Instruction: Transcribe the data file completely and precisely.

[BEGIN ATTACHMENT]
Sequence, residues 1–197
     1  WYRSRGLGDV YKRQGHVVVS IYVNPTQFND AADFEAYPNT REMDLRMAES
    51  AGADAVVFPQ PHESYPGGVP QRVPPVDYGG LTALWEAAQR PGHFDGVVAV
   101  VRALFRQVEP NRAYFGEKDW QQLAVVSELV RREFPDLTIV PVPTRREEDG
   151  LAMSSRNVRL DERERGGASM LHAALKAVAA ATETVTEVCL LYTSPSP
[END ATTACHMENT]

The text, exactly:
Sequence, residues 1–197
     1  WYRSRGLGDV YKRQGHVVVS IYVNPTQFND AADFEAYPNT REMDLRMAES
    51  AGADAVVFPQ PHESYPGGVP QRVPPVDYGG LTALWEAAQR PGHFDGVVAV
   101  VRALFRQVEP NRAYFGEKDW QQLAVVSELV RREFPDLTIV PVPTRREEDG
   151  LAMSSRNVRL DERERGGASM LHAALKAVAA ATETVTEVCL LYTSPSP